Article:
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Disaster Response and Mutual Aid
Community Engagement

The spirit of public power shines through the storms

The trail of devastation caused by Hurricane Michael continues to dominate the news. Our thoughts and prayers are with the people of Florida, Georgia, Alabama, South Carolina, North Carolina, and Virginia who are struggling to rebuild their homes and lives after tremendous loss and suffering.

We want to take a moment to acknowledge the incredible work done by public power utilities in the affected areas to restore electricity in the most challenging conditions. Approximately 200,000 customers of dozens of public power utilities in six states lost power after Hurricane Michael ripped through their communities. Distribution as well as transmission was down in many areas. Today, a little over week after the storm, more than 95 percent of customers have been restored.

We especially want to thank the many public power utilities that provided mutual aid to utilities near and far — the recovery to date would not have been possible without this significant assistance. Once again, the public power community across the country has come together to do what it does best — help in times of the greatest need.

As the public power national mutual aid network was activated for Michael, public power utilities from more than 20 states offered more than 4,000 personnel, along with trucks and equipment. Many of these individuals are now returning home or redeploying to help other utilities after working up to 16-hour days in hazardous conditions to turn the lights back on.

Special thanks to our Mutual Aid Working Group that convened by conference call every day — starting before Hurricane Michael made landfall — to assess needs and channel help. A big shoutout to our regional mutual aid coordinators — Amy Zubaly (FL), Jon Hand (AL), Jon Beasley (GA), Brandon Wiley (GA), Jimmy Bagley (SC), Neil James (SC), Kenny Roberts (NC), Gregg Welch (NC), and Brian O'Dell (VA).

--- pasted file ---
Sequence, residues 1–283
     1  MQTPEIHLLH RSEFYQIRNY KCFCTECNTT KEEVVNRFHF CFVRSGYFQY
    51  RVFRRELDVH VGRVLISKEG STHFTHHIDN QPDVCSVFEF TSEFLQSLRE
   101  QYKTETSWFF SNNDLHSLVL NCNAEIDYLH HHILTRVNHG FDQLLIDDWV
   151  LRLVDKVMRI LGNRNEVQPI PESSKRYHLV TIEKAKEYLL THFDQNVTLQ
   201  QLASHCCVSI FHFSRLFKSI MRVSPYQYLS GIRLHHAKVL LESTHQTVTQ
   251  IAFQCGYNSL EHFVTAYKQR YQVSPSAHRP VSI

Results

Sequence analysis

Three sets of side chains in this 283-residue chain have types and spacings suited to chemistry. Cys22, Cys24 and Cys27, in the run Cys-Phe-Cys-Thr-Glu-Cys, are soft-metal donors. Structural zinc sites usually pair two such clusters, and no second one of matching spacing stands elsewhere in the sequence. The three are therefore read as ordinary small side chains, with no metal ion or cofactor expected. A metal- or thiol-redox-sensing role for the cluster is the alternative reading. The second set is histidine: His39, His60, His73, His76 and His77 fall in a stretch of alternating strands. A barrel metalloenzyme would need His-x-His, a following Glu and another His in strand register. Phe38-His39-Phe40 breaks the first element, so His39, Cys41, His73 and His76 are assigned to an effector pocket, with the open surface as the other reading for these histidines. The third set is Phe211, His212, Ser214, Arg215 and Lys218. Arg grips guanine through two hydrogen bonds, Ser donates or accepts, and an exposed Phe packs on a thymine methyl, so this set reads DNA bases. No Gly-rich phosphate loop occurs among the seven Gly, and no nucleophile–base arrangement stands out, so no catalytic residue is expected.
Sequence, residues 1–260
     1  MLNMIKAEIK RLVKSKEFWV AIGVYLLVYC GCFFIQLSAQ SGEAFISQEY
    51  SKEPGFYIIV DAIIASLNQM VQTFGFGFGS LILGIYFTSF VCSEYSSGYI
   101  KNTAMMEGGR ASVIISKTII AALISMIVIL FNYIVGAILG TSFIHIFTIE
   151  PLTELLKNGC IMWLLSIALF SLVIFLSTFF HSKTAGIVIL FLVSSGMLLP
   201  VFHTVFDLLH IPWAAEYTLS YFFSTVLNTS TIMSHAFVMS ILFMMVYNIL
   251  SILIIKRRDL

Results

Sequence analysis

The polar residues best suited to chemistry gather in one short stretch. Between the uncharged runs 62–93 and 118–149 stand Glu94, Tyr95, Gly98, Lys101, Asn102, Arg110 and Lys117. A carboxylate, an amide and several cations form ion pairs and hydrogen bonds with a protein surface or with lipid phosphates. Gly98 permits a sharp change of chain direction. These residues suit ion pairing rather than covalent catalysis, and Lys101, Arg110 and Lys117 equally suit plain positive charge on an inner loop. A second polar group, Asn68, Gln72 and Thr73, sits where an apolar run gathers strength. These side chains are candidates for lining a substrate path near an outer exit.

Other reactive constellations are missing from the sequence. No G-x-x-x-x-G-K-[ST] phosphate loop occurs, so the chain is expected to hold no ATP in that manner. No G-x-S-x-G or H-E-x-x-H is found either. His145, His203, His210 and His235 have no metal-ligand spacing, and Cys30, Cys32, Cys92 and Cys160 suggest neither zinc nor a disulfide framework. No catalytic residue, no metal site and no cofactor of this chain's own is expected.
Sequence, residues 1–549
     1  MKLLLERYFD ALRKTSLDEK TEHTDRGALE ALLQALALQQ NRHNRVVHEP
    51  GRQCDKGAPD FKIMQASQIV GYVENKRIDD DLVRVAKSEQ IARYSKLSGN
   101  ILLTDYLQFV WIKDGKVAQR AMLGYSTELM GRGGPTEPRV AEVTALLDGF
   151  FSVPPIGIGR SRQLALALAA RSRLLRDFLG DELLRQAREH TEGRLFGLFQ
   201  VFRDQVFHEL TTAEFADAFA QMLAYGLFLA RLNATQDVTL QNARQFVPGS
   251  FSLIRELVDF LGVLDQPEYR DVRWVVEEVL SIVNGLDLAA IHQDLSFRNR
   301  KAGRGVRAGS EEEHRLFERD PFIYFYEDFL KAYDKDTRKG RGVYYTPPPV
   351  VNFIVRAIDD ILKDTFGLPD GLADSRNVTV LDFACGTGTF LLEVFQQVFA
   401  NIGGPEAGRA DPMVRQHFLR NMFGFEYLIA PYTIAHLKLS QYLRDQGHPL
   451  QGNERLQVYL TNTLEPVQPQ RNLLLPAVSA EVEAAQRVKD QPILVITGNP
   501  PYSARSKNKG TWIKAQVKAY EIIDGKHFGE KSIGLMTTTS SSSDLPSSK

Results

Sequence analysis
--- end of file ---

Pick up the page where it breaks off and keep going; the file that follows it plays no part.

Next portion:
Hurricane Michael struck just weeks after Hurricane Florence tore through the Carolinas in mid-September, causing a wave of power outages, heavy rainfall, and severe flooding. Florence was the first major challenge of the 2018 hurricane season for the electric grid and public power passed with flying colors. Public power crews from several states headed to the Carolinas days before Florence made landfall, allowing for quick power restoration.

The work of restoration is far from done in the communities affected by both storms. In some public power communities such as Blountstown, Florida, the transmission must be reenergized and the electric system rebuilt before power can be restored. In other areas, people have to rebuild or make repairs to their homes before they can get power. We continue to monitor the situation to see how we can help and know it could be a long haul.

The Incident Management Team here at the American Public Power Association has been running full steam since mid-September, when a Mutual Aid Playbook activation level 3 began for Florence. We will not rest until we are sure all our members' needs have been met.

We are especially grateful to the Department of Energy, the Federal Emergency Management Agency and other federal government partners and our electricity industry partners for their support. We have ensured unity of effort and message through daily calls and visits.

Our online storm center continues to provide daily updates and resources (for utilities and customers) from us, our members, and the federal government.

While we know we won't be able to document the entirety of the public power restoration and mutual aid effort in response to Hurricane Michael, we wanted to share a few examples from member social media posts.

Thank you for all you do to serve our national public power community.